If the Tour de Yorkshire is to return to the racing calendar, it will have to overcome ill feeling and concerns about hosting cycling events following the 2019 UCI Road World Championships, hosted in Harrogate.
That is the view of Robin Scott, whose Silicon Dales company last month bought certain assets of the race's former co-organisers Welcome to Yorkshire, which went into administration in March after local authorities pulled the plug on funding.
Mr Scott is hoping his Manchester-based company can revive the popular stage race, last held back in 2019 over four stages during the first weekend in May.
However, he acknowledges there is work to be done to convince councils, businesses and the public that their region should be hosting cycling events.
Mr Scott believes much of this "ill feeling" can be traced to the 2019 UCI Road World Championships, which he says was "an example of too much of a good thing" and attracted accusations of damage to the Stray — a 200-acre parkland in the centre of Harrogate which hosted a fan zone during the 11-day event — and complaints from business owners about road closures.
"To be honest, I think that event (2019 UCI Road World Championships) was potentially one of the catalysts for some ill feeling," he told The Yorkshire Post.
"The 2019 Worlds I think was an example of too much of a good thing and it created some ill feeling, there wasn't a universal reaction of 'This is brilliant'. Whereas with the Tour de Yorkshire, everyone is super positive about it and it really captures everybody's imagination."
Last year, a social impact evaluation commissioned by British Cycling, Sport England and UK Sport, found that:
There were also some negative consequences of the Road World Championships expressed by host community residents surveyed, particularly in Harrogate, where respondents were critical of the inconvenience and disruption due to the prolonged road closures compared with other host locations such as Doncaster and Leeds.
Another sticking point in Harrogate was the damage caused to a section of the Stray – a protected public area of green space – where the Championship Fan Zone was located.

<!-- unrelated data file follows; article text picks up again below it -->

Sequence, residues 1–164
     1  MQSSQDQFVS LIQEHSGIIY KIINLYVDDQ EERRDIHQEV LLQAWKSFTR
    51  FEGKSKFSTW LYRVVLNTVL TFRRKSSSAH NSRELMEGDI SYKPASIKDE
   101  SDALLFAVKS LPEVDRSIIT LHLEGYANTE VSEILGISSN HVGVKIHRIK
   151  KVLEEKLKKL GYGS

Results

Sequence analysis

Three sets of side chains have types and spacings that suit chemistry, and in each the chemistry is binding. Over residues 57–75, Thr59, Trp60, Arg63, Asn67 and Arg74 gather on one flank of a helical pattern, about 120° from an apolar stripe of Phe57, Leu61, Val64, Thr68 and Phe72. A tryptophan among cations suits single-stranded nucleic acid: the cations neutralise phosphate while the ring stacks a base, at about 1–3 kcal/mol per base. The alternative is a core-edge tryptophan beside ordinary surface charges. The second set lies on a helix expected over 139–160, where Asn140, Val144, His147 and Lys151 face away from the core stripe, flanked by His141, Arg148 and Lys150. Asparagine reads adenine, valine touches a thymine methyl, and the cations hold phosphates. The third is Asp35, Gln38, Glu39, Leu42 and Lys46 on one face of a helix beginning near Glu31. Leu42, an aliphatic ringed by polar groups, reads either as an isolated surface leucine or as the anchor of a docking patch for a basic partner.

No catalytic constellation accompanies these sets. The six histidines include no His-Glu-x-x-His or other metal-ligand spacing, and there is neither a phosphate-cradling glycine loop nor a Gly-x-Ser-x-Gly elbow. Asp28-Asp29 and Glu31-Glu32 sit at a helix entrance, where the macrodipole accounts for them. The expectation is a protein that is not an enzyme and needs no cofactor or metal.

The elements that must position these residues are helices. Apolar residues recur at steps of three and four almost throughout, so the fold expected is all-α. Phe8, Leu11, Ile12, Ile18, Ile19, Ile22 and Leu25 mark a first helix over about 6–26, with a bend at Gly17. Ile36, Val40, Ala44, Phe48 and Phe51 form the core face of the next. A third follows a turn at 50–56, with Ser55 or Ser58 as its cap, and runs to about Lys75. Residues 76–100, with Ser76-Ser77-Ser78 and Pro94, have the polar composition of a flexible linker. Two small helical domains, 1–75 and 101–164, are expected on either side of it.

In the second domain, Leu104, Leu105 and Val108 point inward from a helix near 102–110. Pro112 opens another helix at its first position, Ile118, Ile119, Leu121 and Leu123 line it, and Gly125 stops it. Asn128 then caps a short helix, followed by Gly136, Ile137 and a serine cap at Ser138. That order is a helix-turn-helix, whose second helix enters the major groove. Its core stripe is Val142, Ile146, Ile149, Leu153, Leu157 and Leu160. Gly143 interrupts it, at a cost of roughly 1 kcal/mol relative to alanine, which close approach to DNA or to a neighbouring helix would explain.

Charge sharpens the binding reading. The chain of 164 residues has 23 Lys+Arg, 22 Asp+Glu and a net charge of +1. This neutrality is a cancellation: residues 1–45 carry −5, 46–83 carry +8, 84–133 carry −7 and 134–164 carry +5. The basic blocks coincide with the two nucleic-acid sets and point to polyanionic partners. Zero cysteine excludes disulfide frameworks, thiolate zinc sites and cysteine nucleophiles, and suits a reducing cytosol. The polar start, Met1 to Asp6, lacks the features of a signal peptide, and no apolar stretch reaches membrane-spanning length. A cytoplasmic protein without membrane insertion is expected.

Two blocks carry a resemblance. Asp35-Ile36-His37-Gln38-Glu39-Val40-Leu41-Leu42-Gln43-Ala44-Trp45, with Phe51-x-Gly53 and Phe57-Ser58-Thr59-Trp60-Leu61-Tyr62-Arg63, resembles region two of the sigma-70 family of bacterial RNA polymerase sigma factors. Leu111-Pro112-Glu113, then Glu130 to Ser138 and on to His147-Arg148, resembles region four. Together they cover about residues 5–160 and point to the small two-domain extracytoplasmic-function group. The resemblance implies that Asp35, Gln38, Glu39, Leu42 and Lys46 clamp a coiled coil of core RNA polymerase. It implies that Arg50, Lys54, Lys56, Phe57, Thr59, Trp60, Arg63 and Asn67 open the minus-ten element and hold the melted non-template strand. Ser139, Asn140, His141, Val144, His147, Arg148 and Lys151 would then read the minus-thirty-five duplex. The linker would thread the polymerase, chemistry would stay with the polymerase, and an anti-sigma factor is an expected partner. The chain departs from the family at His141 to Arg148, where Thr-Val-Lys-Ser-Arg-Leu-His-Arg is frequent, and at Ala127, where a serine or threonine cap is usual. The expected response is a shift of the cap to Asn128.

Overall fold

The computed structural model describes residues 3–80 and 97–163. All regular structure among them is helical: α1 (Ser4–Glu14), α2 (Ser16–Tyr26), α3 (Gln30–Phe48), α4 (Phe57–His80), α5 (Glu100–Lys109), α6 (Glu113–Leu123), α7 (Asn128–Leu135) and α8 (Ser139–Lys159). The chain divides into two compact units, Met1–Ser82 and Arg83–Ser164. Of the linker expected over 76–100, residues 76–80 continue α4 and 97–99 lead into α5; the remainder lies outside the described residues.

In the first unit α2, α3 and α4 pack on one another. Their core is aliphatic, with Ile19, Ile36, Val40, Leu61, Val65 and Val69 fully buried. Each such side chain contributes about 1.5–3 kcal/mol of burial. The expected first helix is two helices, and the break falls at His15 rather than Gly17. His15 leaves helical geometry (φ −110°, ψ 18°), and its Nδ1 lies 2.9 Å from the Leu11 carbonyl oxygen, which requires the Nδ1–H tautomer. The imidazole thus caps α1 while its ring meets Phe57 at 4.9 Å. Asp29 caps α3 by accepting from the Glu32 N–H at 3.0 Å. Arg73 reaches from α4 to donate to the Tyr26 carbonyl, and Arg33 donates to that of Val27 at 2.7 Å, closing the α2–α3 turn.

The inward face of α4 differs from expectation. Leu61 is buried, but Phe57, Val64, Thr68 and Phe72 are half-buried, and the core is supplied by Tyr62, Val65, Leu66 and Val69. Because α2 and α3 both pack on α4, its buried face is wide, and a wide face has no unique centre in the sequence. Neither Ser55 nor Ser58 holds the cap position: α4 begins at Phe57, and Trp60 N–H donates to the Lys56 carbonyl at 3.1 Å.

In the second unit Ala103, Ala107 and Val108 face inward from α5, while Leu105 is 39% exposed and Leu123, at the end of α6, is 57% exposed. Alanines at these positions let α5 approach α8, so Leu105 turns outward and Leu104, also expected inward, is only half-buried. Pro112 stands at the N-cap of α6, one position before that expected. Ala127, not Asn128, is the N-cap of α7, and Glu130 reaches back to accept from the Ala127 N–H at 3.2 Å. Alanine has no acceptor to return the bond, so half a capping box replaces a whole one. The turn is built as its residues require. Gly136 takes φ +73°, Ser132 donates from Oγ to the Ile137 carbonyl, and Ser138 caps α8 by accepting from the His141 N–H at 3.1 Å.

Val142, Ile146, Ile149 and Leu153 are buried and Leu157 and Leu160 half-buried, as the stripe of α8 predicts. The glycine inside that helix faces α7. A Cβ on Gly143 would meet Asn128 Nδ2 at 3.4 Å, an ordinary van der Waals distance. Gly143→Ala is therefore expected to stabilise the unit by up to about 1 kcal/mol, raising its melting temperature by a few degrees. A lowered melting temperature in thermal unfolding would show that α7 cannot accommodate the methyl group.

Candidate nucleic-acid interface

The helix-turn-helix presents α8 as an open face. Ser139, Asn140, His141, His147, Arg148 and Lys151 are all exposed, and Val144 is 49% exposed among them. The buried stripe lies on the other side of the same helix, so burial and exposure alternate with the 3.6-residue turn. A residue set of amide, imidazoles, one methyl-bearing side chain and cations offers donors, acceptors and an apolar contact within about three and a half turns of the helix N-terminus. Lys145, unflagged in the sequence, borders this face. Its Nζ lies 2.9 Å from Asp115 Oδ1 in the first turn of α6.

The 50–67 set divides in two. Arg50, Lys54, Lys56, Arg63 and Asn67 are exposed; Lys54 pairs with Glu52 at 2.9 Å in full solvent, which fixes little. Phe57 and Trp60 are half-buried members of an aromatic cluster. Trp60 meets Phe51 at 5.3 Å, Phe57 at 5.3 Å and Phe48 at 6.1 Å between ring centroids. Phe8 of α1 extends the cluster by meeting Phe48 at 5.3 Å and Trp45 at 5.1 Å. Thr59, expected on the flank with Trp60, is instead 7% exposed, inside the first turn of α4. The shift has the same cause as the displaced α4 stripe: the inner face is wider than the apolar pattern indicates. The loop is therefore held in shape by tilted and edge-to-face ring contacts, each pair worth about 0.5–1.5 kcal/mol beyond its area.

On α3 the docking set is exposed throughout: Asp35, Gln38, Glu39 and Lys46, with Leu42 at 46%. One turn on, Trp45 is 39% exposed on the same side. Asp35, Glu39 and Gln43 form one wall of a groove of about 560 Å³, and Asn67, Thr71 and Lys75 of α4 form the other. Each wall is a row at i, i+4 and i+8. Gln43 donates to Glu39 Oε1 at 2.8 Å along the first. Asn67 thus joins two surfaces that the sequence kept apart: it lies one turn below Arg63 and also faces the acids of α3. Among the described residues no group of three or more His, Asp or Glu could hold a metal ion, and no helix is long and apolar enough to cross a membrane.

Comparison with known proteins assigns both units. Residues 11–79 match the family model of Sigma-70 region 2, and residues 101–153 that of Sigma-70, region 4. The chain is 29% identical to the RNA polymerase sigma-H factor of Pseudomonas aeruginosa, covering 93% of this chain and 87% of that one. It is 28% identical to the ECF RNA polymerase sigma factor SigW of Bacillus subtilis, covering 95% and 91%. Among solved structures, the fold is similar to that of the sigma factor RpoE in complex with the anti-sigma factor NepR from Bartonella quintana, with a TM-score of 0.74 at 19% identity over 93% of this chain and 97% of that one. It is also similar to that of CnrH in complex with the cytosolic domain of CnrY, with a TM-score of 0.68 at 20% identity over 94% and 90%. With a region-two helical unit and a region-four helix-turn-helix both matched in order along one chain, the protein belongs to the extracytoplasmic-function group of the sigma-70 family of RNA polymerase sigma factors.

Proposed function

The event was seen to have had a major disruptive impact on the community in Harrogate, which is illustrated starkly by Harrogate Borough Council's decision to refrain temporarily from hosting major events of this scale.
Mr Scott added there will need to be a change in the way the event's organiser deals with local councils, and admits it "wasn't fair" to ask them to underwrite the event.
"We can bring it in as a packaged event and say to councils, ‘Do you want this in your region?’ We're not going to come around with a pot and say: 'You've got to underwrite this' and that is going to be the big difference," he explained.
"The other thing to consider is the amounts of money involved. It is not crazy money — we are not talking about putting on the Commonwealth Games or even the World Championships that happened in 2019 in Harrogate.
"There is an opportunity. It has been away three years and we can bring it back the same but better. It is the biggest cycling event in the UK, we want to make sure that stays. We also want to make sure all the big teams are in.
"People have got on their bikes in the last couple of years. We want to encourage that because it is healthy and a great way to see Yorkshire. Success would be the bike race happening in any format."
Chris Lawless, then of the team branded under the Sky banner, was the last winner of the race, and Mr Scott said he hoped any future edition would include an improved women's race and a new U23 women's race.
Dan joined road.cc in 2020, and spent most of his first year (hopefully) keeping you entertained on the live blog. At the start of 2022 he took on the role of news editor. Before joining road.cc, Dan wrote about various sports, including football and boxing for the Daily Express, and covered the weird and wonderful world of non-league football for The Non-League Paper. Part of the generation inspired by the 2012 Olympics, Dan has been 'enjoying' life on two wheels ever since and spends his weekends making bonk-induced trips to the petrol stations of the south of England.